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99designs, the crowdsourced design marketplace “real” designers love to hate, has acquired 12designer, the Berlin-based crowdsourced design marketplace that had become 99designs’ number-one rival in the European market.

The terms of the deal weren’t disclosed, but the multilingual 12designer team will become 99designs’ new European staff, including former 12designer CEO/current 99designs general manager for Europe Eva Missling.

Last year, 99designs raised a large first round of funding — $35 million, to be precise — from Facebook investor Accel Partners. The extra cash gave it a bit of leverage to do deals like this one, in which it’s scooped up 12designers’ 22,000-strong community of creatives.

Both sites work the same way: A brand, company, or individual submits a request for proposal. Creatives, from designers to branding folks to teenagers with their first stolen copy of Photoshop, compete with each other, submitting proposals and sketching out concepts quickly (this is the “spec work” part of the process that “real” designers find particularly odious, in case you were curious).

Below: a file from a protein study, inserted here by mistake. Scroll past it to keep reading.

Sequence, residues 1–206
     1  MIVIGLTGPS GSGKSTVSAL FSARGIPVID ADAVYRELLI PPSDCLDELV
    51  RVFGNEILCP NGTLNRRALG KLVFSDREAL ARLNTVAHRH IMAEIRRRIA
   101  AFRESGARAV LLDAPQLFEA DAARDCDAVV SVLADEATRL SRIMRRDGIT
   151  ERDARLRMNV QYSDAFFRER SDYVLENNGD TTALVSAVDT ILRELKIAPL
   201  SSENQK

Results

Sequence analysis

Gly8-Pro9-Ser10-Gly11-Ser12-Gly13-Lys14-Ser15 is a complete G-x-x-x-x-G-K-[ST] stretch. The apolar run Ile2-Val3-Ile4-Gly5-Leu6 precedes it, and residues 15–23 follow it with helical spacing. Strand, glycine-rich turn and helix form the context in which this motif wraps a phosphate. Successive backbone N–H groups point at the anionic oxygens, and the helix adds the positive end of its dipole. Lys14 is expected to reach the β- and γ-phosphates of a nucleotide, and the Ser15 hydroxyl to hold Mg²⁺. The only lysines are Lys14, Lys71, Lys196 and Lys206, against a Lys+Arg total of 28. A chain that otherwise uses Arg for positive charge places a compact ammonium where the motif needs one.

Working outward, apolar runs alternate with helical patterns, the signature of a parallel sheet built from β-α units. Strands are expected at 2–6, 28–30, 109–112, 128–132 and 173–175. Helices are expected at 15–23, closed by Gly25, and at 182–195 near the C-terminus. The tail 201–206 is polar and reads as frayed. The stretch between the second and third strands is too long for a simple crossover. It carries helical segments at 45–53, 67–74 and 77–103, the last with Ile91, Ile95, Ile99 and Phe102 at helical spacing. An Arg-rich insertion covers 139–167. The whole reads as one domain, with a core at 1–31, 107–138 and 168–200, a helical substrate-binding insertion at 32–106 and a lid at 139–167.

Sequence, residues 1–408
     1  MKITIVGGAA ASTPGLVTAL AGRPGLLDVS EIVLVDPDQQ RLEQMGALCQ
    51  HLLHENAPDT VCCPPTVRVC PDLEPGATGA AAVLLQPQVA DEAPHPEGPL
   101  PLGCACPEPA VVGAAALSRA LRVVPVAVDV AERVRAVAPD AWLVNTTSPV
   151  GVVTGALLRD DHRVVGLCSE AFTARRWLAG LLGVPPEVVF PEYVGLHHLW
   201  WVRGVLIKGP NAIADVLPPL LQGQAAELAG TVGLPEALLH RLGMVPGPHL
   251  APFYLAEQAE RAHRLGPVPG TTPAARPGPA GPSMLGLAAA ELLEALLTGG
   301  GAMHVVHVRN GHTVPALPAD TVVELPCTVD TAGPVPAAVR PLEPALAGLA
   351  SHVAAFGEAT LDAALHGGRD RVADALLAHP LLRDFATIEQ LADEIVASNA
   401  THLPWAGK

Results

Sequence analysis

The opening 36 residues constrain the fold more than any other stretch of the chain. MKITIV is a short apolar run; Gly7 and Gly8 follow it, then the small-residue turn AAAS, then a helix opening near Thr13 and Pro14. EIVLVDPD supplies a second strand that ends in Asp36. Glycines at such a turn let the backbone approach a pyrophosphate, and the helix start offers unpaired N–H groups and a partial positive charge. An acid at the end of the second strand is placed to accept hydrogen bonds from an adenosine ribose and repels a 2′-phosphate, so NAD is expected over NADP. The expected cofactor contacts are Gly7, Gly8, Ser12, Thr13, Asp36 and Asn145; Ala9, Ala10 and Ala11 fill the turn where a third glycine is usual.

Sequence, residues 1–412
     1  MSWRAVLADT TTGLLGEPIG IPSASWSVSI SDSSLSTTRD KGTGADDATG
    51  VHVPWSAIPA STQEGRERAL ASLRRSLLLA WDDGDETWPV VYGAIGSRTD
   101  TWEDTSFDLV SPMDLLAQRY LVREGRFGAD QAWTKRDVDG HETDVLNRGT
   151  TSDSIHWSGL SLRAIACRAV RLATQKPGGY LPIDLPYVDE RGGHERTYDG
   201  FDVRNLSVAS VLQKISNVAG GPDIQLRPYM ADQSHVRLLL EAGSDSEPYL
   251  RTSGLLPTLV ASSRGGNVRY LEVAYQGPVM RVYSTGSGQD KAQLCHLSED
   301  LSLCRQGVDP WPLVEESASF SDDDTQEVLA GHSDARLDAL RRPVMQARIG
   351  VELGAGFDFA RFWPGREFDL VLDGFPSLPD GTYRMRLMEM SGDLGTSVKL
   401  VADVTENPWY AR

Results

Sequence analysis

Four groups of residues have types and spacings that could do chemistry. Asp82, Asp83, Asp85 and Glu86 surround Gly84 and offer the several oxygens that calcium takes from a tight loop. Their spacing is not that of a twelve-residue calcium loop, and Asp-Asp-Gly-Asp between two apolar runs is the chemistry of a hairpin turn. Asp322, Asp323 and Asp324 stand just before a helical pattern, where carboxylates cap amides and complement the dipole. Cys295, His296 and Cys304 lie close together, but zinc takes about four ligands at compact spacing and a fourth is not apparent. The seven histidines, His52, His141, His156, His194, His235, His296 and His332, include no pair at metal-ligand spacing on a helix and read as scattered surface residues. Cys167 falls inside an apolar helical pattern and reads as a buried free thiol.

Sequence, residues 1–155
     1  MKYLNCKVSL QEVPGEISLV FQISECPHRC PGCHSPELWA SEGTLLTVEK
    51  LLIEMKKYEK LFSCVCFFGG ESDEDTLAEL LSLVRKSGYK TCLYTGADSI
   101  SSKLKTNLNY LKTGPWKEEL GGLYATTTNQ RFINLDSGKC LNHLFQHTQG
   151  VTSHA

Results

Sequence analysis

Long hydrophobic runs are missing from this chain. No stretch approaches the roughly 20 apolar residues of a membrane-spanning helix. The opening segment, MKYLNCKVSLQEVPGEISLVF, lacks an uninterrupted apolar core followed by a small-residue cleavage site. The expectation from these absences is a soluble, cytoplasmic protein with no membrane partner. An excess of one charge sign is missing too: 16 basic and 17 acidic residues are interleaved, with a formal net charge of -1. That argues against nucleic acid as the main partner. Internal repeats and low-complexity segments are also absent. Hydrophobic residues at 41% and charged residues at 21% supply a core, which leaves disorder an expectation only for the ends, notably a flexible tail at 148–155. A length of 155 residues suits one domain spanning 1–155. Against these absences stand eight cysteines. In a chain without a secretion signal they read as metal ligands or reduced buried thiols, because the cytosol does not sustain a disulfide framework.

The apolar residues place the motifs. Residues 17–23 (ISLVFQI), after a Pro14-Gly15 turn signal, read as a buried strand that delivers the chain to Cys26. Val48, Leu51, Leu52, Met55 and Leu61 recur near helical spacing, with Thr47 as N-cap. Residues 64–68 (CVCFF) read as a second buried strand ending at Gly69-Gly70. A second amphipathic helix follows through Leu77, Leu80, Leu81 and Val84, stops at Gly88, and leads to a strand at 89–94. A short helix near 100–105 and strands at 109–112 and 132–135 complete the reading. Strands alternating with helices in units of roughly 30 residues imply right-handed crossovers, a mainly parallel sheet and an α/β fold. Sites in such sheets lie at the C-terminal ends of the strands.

The winner of each bidding process/online contest gets to complete the work and get paid for their efforts according to the budget set out in the RFP. Results can vary widely, of course, but the concept works quite well for many startups, small businesses, and others who need quick, cheap design and branding help.

99designs is without question the larger of the two companies, currently boasting 1,490 open RFPs as compared to 12designer’s 113, and its design community is more than six times larger than 12designer’s. All things considered, the acquisition makes a lot of sense. In fact, it reminds us very much of Fab.com’s acquisition of its German clone, Casacanda, not too long ago.

And as the Fab/Casacanda acquisition was the offshoot of that company’s international ambitions and expansion plans, so too is this deal. Expect to see more 99designs growth in Europe. Currently, Germany is one of the company’s largest and fastest-growing markets outside English-speaking areas, and European customers make up roughly 15 percent of the company’s business.